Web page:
For most of American pastor Andrew Brunson’s 18-month imprisonment in Turkey, the government failed to officially indict him or offer the opportunity for bail or his release.
Finally, his terrorism and espionage case came to trial on Monday, but the proceedings continue to underline the strained relations between the United States and Turkey.
Sam Brownback, the US State Department’s new ambassador-at-large for religious freedom, traveled to Turkey this week to back the American pastor in court in Aliaga, just 38 miles from Izmir, the coastal city where Brunson had led a small Presbyterian congregation.
Turkey has accused the evangelical minister—who lived in the Muslim-majority country for 23 years before his arrest following an attempted coup in 2016—of fueling unrest in the country through alleged involvement with exiled cleric Fethullah Gülen and the Kurdistan Workers Party (PKK), an insurgent group. Both movements are seen as enemies and threats to the Turkish government.
“I have been praying for Turkey for 25 years. I wouldn’t do anything against Turkey,” the pastor told the court in Turkish during his hearing.
Though Brunson’s March indictment raised the possibility of a life sentence, the 50-year-old now faces a total of 35 years in prison if found guilty in the case, which rests on testimonies from unnamed sources and evidence procured on Brunson’s phone, according to reports.
Trump administration officials, as well as the religious freedom advocates who have come to Brunson’s defense, see the charges as a false attempt to use an innocent American for political leverage. Turkish president Recep Tayyip Erdoğan has repeatedly offered to free Brunson if the US were to extradite Gülen, who now lives in Pennsylvania.
“The administration is deeply concerned about this case,” Brownback said. “We completely believe (that) Andrew Brunson is innocent. We are hopeful (that) the judicial system will find that.”
He observed the trial with Senator Thom Tillis, who represents Brunson’s home state of North Carolina and visited him in prison this year. Brownback pledged “very high-level US government interest in this until [Brunson] is released.”
The Turkish court postponed the remainder of the trial until May 7 and ordered that Brunson return to another prison in the meantime. The date corresponds with the sentencing for a Turkish banker on trial in the United States over his alleged involvement in helping Iran evade US oil sanctions, “drawing an apparent link between the two highly charged cases,” according to Bloomberg News.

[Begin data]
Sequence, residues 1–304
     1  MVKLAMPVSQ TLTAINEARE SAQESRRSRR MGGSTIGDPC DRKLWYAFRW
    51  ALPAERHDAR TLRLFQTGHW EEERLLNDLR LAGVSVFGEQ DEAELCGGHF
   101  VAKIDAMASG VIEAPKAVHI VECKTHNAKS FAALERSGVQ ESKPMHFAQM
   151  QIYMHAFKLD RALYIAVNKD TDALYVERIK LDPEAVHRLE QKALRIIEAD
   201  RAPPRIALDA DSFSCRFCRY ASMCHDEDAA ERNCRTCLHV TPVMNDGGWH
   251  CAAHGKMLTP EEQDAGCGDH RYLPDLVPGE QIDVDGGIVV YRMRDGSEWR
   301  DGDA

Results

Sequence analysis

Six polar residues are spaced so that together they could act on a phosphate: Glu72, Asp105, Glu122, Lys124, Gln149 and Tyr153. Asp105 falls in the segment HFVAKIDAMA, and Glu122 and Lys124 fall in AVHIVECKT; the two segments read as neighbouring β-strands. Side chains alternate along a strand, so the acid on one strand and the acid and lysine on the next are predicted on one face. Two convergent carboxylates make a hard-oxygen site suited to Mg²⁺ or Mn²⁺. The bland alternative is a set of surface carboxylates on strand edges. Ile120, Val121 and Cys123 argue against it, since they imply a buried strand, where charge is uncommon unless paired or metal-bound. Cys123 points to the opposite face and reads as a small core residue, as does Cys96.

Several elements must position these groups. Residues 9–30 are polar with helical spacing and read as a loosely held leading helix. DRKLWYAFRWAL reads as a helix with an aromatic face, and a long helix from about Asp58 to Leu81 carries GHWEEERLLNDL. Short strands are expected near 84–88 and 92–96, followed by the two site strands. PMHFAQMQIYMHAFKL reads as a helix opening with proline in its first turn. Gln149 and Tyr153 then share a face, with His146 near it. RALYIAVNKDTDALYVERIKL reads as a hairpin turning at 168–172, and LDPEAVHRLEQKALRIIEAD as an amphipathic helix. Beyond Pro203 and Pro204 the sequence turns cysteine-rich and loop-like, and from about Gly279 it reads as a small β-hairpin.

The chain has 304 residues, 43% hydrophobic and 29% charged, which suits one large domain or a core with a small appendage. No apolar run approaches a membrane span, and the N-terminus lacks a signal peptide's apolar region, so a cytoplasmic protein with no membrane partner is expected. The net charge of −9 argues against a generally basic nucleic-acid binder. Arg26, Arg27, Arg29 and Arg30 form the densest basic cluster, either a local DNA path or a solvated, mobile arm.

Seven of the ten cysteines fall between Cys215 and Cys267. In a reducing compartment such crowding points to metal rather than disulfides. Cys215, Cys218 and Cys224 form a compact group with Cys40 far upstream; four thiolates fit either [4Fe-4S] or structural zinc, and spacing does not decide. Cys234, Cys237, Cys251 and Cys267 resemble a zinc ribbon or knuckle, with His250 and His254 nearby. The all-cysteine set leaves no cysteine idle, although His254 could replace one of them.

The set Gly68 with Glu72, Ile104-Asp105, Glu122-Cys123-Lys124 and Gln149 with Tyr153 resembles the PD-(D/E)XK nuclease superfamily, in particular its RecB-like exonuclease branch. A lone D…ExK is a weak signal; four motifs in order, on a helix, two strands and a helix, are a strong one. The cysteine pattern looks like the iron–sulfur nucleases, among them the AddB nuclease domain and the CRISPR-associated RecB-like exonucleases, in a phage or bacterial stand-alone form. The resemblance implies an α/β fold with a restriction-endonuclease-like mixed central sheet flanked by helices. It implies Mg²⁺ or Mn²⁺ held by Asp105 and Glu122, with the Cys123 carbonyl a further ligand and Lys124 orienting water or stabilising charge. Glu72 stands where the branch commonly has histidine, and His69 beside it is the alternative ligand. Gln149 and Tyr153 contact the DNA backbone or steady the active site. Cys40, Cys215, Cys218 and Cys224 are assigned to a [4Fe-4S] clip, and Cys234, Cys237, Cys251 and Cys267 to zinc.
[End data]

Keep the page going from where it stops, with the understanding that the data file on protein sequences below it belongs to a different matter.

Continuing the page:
The Trump administration has been working to improve relations in the hopes of securing a favorable outcome for Brunson, including urging Congress to postpone sanctions against Turkish officials.
President Trump asked Erdoğan about the case in a recent call. The American Center for Law and Justice (ACLJ), a Christian advocacy group led by Jay Sekulow (who happens to be one of Trump’s lawyers), has been the leading force rallying support for “Pastor Andrew.” Nearly 500,000 have signed an ACLJ petition calling for his release.
Brunson denied the criminal claims raised during the hearing and said he never preached in favor of Kurdish independence or aided suspects involved with the PKK.
“I did not engage in any illegal activity. I had no relations with anyone engaged in such activity,” he said. “I am a Christian pastor. I did not join an Islamic movement. Their aims and mine are different.”
His lawyer, İsmail Cem Halavurt, believes that his faith made him a target.
US officials have met with Brunson multiple times in prison, including a visit from former Secretary of State Rex Tillerson in February.
“The United States cares deeply about our relationship with Turkey,” Brownback said at Brunson’s hearing, according to Reuters. As reports have noted, the two countries are also divided on Kurdish activity in Syria, which borders Turkey to the south.
“That relationship is going to have difficulty moving forward as long as Andrew Brunson is incarcerated.”
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